The National – First Two Pages of Frankenstein (2023) [FLAC 24 bit, 44,1 kHz]

The National - First Two Pages of Frankenstein (2023) [FLAC 24 bit, 44,1 kHz] Download

Artist: The National
Album: First Two Pages of Frankenstein
Genre: Indie Rock
Release Date: 2023
Audio Format:: FLAC (tracks) 24 bit, 44,1 kHz
Duration: 47:40
Total Tracks: 11
Total Size: 536 MB


1-1. The National – Once Upon A Poolside (feat. Sufjan Stevens) (03:36)
1-2. The National – Eucalyptus (04:24)
1-3. The National – New Order T-Shirt (04:56)
1-4. The National – This Isn’t Helping (feat. Phoebe Bridgers) (04:04)
1-5. The National – Tropic Morning News (05:09)
1-6. The National – Alien (04:07)
1-7. The National – The Alcott (feat. Taylor Swift) (04:27)
1-8. The National – Grease In Your Hair (03:57)
1-9. The National – Ice Machines (04:16)
1-10. The National – Your Mind Is Not Your Friend (feat. Phoebe Bridgers) (04:24)
1-11. The National – Send For Me (04:14)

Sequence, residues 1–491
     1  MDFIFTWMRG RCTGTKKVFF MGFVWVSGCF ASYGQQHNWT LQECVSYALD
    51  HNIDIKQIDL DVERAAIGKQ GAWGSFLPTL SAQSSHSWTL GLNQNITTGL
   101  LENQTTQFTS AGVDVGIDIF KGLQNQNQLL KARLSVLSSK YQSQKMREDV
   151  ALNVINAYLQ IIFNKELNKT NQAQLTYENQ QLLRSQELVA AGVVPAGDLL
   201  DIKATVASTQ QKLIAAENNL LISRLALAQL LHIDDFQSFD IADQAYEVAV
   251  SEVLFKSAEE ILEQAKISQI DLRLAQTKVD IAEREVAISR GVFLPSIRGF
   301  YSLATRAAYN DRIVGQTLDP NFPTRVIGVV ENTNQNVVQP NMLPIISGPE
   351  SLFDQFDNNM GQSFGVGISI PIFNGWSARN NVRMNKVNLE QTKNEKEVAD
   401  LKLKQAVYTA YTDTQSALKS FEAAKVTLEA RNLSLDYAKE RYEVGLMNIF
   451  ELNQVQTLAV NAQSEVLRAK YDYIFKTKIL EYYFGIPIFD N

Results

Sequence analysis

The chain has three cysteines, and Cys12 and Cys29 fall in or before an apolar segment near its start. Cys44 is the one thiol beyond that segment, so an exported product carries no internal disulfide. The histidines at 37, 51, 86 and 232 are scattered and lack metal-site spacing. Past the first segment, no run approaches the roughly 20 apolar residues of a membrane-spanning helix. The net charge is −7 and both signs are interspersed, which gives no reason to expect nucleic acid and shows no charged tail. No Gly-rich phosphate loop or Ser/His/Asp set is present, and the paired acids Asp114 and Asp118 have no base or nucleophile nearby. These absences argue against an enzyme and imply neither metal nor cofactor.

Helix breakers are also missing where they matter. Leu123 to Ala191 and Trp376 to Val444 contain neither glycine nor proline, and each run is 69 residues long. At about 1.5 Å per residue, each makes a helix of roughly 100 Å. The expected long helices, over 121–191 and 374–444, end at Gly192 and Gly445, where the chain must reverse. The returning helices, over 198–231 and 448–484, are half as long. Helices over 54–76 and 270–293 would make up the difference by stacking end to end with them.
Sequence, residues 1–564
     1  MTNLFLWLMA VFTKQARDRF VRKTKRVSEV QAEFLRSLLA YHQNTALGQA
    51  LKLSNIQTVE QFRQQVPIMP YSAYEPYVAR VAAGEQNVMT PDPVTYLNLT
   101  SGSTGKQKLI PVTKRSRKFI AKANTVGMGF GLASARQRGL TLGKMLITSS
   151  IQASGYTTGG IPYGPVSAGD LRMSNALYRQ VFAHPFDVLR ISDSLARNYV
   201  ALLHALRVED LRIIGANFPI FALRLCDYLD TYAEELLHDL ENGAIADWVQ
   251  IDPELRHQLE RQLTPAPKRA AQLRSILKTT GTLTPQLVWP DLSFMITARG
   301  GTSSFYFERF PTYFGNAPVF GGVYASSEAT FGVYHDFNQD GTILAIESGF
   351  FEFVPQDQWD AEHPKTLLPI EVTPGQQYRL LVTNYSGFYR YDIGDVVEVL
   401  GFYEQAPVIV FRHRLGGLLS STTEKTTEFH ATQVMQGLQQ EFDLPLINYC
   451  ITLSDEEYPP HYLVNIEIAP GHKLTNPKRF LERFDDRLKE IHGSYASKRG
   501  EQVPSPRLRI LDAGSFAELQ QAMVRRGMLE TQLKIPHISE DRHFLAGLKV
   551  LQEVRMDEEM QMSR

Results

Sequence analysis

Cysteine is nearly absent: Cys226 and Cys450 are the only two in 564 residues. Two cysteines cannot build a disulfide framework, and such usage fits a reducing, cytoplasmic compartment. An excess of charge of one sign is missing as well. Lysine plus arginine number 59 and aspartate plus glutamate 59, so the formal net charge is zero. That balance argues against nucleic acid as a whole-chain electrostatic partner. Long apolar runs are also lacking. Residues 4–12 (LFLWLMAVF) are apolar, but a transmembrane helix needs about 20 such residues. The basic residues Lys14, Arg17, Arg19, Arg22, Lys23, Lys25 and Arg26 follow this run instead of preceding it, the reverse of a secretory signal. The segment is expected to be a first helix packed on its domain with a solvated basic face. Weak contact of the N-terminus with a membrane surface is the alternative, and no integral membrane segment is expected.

Over nine albums, The National have grown wilder in their experimentation. But the Brooklyn-by-way-of-Cincinnati band proves on First Two Pages of Frankenstein that almost no one else does Midwest desolation this well—still. It’s there in the plaintive but sweetly hopeful piano line that carries “Once Upon a Poolside” and underscores Matt Berninger’s troubled lines: “I can’t keep talking/ I can’t stop shaking/ I can’t keep track of everything I’m taking.” (Bonus points for bringing in fellow Midwestern native Sufjan Stevens for ethereal backing vocals.) There’s a spareness, too, in the excellent “Eucalyptus,” which poses questions about who walks away with what when a relationship ends: ceiling fans, rainbow eucalyptus, ornaments …”What about the undeveloped cameras?/ Maybe we should bury those … What about the Cowboy Junkies?/ What about the Afghan Whigs?” And yet the song takes on an early-U2 level of drama with a build of moody, striking guitar and tumbling drums. “Tropic Morning News,” meanwhile, surprises in a different way: Starting with a perfectly chilled Joy Division beat, the guitars spring to life and the bridge takes off and up. This is the song that is said to have saved the record, after Berninger was in a dry spell. It was, he has said, “the first time it ever felt like maybe things really had come to an end” for the band. But, with his wife Carin Besser’s help on the words, he pulled through—a feeling that seems to be reflected in the lyrics: “I was so distracted then/ I didn’t have it straight in my head/ I didn’t have my face on yet, or the role, or the feel/ Of where I was going with it all … There’s nothing stopping me now/ From saying all the painful parts out loud.” Much has been made of the band’s collaboration with Taylor Swift, “The Alcott,” and for good reason. As a producer, National guitarist and songwriter Aaron Dessner knows how to pull a genuine maturity out of Swift. Here she holds her own against Berninger’s deep masculinity and the beating heart of percussion. Unlike with other guests on … Frankenstein, this is a proper duet, and a pretty perfect addition to the Swift oeuvre, as she delivers lines like “Shred my evening gown/ Read my sentence out loud/ Because I brought this curse on our house.” Phoebe Bridgers, meanwhile, shows up on “This Isn’t Helping” and “Your Mind Is Not Your Friend,” but her harmonies are more like a spoonful of sugar atop Berninger’s roughness, rather than an equal match.The record ends with “Send for Me” and Berninger promising to answer any SOS: “If you’re ever sitting at the airport/ And you don’t want to leave … If you’re ever at a glass-top table, selling your ideas/ To swivel-chair underlings who just don’t get it … Send for me/ Whenever, where ever/ Send for me/ I’ll come and get ya.” In other words: They’re not done yet. – Shelly Ridenour

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